Periodontics/Removing 5 mm (in height) bone in crown lengthening: is that too much ?
QUESTION: My lower L. molar at the back (#7) was badly damaged, had root canal treatment and filling and was then fitted with a crown in 2009. In 2012 this crown started to come off very often. Each time it came off it was recemented, but the last time on 24/12/2014 it was swallowed by mistake while eating.
This molar is very very short, only ~ 1 mm above the gum line. I have been thinking about having crown lengthening surgery before installing a new crown. I saw a periodontist and he said that he would have to remove 5 mm (4 mm ? I don't remember) depth of bone surrounding this tooth in this surgery. Without using any special instrument, I estimate that my lower jaw bone beneath this molar is about 1 inch (2.54 cm) high only.
Doctor, is this periodontist correct about the depth of bone to remove ? How did he arrive at this number (5 mm) ? Is half a cm bone loss too much ? I am 60, female, Chinese. What are the consequences of losing this much bone ?
Also, what factors affect the thickness of bone to be removed ? Is the material of the new crown a factor ?
I am terrified and worried.
ANSWER: Hi Dorothy,
To properly restore a tooth you need 2mm of 'ferrule' (allows crown to properly 'grab' the tooth and biologic width of 3mm (1mm sulcus+1mm Connective Tissue+ 1mm Junctional Epithelium);Hence 5mm. Doesn't mean you have to remove 5mm of bone.
So you need minimally 5mm from top of the tooth to the top of bone if you don't have proper 'ferrule' for the crown margin . Material of crown is a factor if the dentist is trying to 'hide' the margin of a Porcelain-fused-metal crown in the sulcus b/c otherwise the margin will show as gray of the metal. If you used an all ceremic crown or all gold, there would be less need to go deeper within the sulcus of the tooth.
Hope that makes sense...
---------- FOLLOW-UP ----------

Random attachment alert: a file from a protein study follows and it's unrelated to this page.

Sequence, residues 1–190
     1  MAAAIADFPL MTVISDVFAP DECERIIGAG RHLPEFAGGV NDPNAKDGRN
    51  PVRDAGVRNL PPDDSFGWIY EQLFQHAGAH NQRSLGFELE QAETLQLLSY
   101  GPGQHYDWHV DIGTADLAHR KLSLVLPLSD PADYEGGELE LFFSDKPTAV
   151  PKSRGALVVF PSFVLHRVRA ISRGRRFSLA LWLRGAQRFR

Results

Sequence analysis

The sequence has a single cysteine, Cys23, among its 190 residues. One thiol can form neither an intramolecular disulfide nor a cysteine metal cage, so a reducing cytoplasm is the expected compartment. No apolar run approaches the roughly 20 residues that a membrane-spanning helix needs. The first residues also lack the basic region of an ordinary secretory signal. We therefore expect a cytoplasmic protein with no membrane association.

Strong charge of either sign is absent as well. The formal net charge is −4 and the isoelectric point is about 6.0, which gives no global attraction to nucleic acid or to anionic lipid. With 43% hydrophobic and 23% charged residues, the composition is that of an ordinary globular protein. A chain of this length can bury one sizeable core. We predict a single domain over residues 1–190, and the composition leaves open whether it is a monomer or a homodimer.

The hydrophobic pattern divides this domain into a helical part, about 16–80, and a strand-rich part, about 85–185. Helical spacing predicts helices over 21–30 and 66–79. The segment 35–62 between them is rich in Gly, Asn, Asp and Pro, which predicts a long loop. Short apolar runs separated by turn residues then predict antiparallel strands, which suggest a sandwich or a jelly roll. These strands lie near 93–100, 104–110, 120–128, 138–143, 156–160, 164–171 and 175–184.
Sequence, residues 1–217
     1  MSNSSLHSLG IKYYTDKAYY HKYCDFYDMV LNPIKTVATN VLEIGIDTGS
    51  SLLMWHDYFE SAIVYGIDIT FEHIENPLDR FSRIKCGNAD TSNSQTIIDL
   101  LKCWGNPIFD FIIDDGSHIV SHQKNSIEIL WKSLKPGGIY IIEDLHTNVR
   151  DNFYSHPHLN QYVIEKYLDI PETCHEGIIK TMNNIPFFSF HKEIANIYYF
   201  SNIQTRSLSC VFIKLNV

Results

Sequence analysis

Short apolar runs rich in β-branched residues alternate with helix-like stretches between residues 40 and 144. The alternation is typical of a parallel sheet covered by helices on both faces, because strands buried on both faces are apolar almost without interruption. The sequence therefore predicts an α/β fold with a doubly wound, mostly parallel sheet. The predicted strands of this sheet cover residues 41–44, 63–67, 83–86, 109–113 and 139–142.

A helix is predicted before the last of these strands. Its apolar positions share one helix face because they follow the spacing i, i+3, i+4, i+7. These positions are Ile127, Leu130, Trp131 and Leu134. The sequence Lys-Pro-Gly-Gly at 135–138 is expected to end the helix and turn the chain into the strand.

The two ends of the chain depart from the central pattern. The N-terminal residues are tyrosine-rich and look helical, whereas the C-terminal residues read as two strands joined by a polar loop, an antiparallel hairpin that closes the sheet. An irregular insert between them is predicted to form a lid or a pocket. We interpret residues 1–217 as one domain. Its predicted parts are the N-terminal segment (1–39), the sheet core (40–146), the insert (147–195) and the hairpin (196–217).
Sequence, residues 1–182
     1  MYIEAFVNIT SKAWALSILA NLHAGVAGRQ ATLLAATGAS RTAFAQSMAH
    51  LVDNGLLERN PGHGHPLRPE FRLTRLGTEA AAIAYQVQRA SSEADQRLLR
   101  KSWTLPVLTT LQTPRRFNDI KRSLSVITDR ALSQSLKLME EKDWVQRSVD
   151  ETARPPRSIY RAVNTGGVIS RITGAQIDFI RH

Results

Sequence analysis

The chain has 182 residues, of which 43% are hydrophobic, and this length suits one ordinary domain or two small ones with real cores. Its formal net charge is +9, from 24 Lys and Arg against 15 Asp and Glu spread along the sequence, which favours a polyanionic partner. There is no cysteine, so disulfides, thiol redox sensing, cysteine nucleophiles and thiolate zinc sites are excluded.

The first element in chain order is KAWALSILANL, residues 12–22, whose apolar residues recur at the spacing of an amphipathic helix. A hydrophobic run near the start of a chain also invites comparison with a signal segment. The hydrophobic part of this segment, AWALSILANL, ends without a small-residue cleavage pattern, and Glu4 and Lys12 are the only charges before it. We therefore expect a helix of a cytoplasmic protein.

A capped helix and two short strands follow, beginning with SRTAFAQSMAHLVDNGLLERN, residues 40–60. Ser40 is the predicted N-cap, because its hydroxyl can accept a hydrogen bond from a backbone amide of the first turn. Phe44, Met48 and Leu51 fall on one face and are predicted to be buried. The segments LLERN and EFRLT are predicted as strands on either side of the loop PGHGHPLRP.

QUESTION: Thank you very much for your prompt reply.
Please correct me if I am wrong:
A minimum of 5 mm from top of the tooth to the top of bone is required to maintain the biologic width and hold the crown firmly. In my case, only ~1 mm of tooth is above the gum line, so the periodontist will have to remove 5 mm depth of (gum + bone) i.e. ~3 mm of gum (~1 mm to allow room for the sulcus, ~1 mm for the junctional epithelium and ~1 mm for the connective tissue), and ~2 mm bone. If he is trying to 'hide' the margin of a Porcelain-fused-metal crown in the sulcus, he will have to remove more bone (an additional 1 mm ??)
How about the thickness (not depth) of gum/bone to be removed ? Does this depend on the material of the new crown also ?
What are the consequences of removing 5 mm+ of (gum + bone) ? Will the tooth be loosened ? Will the roots be exposed and difficult to clean and cause problems ? Will the adjacent tooth/teeth be affected ? Will the lower jaw be affected ? The new gum line of this tooth will be lower than the gum line of the other teeth. Will there be a problem when eating ?
I suppose the removed bone will be lost forever. How about the gum ? Will it grow back (to original ~1 mm junctional epithelium and ~1 mm connective tissue) ?
Very good questions. If your dentist is going to 'hide' the margin of the tooth sub-gingivally, he will need more than the 5mm. The 5mm (ferrule + biologic width) I mentioned is the minimum space needed. However, a lot of the tooth broken near the gumline will have either caries that need to be removed or unsupported tooth structure which need to be removed before you start the 2mm ferrule so it all depends on where sound tooth structure starts circumferentially.
The type of crown will also make a difference as well. For example, if you use an all ceramic crown like e.Max or Zirconia, there is little need to place the margin sub-gingival. The thickness of the gum also makes a difference because thin gums will tend to recede more than thick gums after surgery and after crown placement.
Tooth loosening as you put it is always a possibility with hard/soft tissue crown lengthening b/c you are removing supporting bone; however, so long as you have enough root length, this will not be a problem. More of the root will be exposed, but it will be covered with a crown so sensitivity should not be an issue. Crown lengthening is a very predictable dental procedure and the tooth should functional normally a new crown has been placed over the tooth. The gum may grow back 1mm after surgery as 'creeping attachment.'
-Dr. John Kong